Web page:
Nowadays, companies are adopting a few different approaches to paying and managing their teams, depending on the nature of the work or tasks.
The first method is to offer a salary. Salaried team members get paid a fixed amount of money before taxes. Their work hours can be flexible, but employees are generally required to work 40 hours a week. Some companies also combine salaried jobs with commissions or bonuses for reaching specific goals. A salary is a traditional way to pay most employees.
Another method of managing employees is to pay them on an hourly basis. It is most commonly used for services and blue-collar positions. Workers get paid based on the number of hours they work each week, and their hours are usually restricted to a certain range.
Employees might also be hired as freelancers, independent contractors, or consultants, but we’ll focus on salaried and hourly employees here.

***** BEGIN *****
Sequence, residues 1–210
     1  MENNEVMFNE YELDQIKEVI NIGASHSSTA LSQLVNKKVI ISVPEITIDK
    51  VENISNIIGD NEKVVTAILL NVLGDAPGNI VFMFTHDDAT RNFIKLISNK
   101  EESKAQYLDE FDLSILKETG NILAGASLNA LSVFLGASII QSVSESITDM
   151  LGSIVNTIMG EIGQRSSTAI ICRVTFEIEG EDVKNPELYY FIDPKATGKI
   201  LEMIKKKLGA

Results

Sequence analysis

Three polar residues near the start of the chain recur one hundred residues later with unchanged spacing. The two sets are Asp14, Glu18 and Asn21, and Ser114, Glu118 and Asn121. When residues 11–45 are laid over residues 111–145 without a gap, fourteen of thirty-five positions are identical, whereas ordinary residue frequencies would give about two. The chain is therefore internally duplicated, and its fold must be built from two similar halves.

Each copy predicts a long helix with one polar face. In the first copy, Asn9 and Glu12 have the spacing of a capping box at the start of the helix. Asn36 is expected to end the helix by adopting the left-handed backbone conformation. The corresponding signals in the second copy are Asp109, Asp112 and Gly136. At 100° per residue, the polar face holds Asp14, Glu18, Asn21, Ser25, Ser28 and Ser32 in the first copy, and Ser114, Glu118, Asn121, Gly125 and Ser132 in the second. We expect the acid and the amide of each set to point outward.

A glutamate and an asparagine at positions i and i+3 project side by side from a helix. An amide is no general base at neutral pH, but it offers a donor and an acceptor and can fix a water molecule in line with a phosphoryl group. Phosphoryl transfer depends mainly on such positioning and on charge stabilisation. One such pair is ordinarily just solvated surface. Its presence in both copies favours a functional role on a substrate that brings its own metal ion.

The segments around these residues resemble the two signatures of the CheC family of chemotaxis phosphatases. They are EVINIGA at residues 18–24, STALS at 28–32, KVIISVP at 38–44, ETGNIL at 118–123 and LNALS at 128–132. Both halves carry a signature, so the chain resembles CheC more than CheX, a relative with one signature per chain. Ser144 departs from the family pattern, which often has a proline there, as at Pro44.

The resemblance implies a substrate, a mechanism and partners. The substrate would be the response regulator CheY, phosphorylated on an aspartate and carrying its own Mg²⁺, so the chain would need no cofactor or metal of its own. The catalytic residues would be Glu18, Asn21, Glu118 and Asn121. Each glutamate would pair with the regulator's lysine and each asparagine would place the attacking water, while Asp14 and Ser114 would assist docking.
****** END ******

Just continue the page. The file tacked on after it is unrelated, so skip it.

Both salaried and hourly jobs come with benefits and drawbacks. This blog post will guide you through the different rights you have as a salaried or hourly employee and share some tips from employment lawyers to make sure your employer is following the Fair Labor Standards Act.
Salaried Employee’s Rights
Employees entitled to a salary have various rights that other employees may not have. Here are some of the most important ones:
Protection from Getting Fired without Good Cause
According to the equal employment opportunity commission, every salaried employee can only be fired for good cause. This means that the employer must have a valid reason before terminating the employee, such as poor performance or violating company policies.
If an employer fires without good cause, you may have a case for wrongful termination.
Right to Paid Vacation Time
Salaried employees have paid vacation days, depending on how many hours they work each week. The amount of days usually ranges from 10 to 25 days per year. Any employer who doesn’t give vacation time to their employees violates employment law.
Receive Your Paycheck Even if You’re Out Sick